There is no heating in the greenhouse, the isolation of the greenhouse is very bad. If the sun is shining, there is warmer (about 5°C warmer than outside). But if the sun is not shining, there is the same temperature as outside.
The pots in the greenhouse are almost fully buried, only about 2-3 cm of the pots are above the surface of the soil.

How tall pots do you use for houseleeks? Have you got any photos of the pots buried in the soil? Maybe there can be a problem. Many plants have not long root and their roots in the pots were above the surface of the soil. Maybe that is the reason of losses.
Were there any thaws with plus temperatures during the winter in Slovenia?

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Re: lost small plants this winter

Post by illustrator on Tue Mar 25, 2014 6:52 pm

I will make some photographs in the coming days. There were many periods with thaws and daytime thaws last winter. It was really not very cold.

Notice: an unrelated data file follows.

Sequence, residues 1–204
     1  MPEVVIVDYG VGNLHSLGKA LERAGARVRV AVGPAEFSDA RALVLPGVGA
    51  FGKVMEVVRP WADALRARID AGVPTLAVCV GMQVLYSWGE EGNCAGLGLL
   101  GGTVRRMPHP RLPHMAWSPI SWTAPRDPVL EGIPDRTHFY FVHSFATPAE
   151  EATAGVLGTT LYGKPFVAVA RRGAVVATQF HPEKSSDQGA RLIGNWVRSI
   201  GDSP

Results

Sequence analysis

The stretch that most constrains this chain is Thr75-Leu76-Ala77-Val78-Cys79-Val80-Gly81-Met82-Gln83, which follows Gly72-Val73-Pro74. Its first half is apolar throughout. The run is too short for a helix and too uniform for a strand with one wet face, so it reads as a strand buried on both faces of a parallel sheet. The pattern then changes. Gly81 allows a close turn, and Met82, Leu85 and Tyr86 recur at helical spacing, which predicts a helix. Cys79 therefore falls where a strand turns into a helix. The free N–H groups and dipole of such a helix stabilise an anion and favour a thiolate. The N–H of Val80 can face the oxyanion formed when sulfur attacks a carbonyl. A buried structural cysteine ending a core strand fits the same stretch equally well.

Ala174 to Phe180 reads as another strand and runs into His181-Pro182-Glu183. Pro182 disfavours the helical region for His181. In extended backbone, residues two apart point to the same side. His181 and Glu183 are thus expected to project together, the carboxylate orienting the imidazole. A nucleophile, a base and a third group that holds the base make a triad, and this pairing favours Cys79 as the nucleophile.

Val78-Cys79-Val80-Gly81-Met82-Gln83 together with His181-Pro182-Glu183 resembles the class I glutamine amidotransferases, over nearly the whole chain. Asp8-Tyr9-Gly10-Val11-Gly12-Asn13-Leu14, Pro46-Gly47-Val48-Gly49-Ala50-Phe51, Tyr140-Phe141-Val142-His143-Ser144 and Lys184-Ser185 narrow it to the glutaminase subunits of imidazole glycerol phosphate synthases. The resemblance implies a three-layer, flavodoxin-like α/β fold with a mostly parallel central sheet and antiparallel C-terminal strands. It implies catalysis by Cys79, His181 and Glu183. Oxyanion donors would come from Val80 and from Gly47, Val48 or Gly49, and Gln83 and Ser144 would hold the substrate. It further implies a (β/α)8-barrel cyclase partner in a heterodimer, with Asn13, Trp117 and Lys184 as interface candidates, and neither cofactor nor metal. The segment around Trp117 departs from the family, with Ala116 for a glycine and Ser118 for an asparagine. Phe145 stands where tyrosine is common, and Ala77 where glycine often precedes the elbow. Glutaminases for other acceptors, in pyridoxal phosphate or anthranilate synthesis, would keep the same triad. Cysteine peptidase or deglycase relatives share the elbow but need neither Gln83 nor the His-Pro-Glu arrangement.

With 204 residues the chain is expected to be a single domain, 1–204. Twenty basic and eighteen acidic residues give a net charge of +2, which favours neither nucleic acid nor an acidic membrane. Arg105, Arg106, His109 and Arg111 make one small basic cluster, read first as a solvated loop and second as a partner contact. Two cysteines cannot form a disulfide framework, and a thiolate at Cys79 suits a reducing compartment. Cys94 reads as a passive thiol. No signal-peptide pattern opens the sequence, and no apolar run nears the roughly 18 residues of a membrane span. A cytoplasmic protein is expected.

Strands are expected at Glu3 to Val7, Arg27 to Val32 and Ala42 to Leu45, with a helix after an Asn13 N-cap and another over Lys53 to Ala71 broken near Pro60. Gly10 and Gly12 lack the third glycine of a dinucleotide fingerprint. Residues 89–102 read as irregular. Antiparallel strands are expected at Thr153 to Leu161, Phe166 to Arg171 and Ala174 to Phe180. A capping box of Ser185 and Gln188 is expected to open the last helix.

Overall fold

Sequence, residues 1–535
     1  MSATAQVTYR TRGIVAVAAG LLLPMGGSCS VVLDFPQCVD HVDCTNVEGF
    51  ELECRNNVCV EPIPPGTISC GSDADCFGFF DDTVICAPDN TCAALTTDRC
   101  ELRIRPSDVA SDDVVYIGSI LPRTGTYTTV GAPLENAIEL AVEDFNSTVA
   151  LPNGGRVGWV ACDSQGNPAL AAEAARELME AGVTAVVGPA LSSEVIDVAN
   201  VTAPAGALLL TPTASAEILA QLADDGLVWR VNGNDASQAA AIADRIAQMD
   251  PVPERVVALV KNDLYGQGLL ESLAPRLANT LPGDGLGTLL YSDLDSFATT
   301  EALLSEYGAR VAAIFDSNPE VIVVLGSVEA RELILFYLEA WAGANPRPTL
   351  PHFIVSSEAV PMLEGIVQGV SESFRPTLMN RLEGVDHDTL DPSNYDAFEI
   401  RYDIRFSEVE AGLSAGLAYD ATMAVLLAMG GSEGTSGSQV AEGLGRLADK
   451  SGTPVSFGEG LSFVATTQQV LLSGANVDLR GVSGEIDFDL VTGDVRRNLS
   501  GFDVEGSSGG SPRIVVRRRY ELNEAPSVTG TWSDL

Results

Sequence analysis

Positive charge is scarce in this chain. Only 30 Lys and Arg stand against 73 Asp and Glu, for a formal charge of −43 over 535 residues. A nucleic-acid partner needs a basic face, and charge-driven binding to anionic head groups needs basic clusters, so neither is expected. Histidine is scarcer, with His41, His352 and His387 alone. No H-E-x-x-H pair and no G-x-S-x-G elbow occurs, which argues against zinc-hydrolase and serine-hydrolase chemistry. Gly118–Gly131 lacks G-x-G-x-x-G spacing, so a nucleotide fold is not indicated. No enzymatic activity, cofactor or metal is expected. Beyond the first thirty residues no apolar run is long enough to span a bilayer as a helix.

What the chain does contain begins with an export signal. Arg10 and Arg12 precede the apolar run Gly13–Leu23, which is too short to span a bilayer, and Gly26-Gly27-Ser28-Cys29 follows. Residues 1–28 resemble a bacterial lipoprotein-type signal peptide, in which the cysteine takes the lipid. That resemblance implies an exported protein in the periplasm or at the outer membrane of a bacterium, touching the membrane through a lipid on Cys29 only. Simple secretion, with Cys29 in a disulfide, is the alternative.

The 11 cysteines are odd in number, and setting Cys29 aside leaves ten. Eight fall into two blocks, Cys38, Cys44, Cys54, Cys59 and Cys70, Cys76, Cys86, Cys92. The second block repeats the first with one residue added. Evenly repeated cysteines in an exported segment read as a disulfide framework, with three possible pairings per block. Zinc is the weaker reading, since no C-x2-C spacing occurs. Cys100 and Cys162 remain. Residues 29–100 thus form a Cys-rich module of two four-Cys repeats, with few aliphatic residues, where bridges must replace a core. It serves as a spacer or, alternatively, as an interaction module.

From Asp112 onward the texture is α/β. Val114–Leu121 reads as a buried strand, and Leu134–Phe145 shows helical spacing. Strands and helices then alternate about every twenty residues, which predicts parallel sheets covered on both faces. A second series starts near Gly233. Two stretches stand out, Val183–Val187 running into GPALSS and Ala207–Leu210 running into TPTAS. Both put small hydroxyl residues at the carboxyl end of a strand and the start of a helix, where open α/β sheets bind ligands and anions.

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Re: lost small plants this winter

Post by illustrator on Sat Mar 29, 2014 7:18 pm

I planted the "leftover tiny plants" in Naturen-soil (the one Renata writes that is best in her experience) in 2 small boxes with translucent plastic lids - the ones you would normally use for starting seedlings. I put these in a light place but not in direct midday sunlight, otherwise they may overheat. Like this the soil will stay more evenly moist than in the open air. I hope this helps.

During the transplanting I noticed that my plants have very large root-systems, even when the plants themselves are small. I think that I put them in too poor soil, too much sand and not enough of anything else.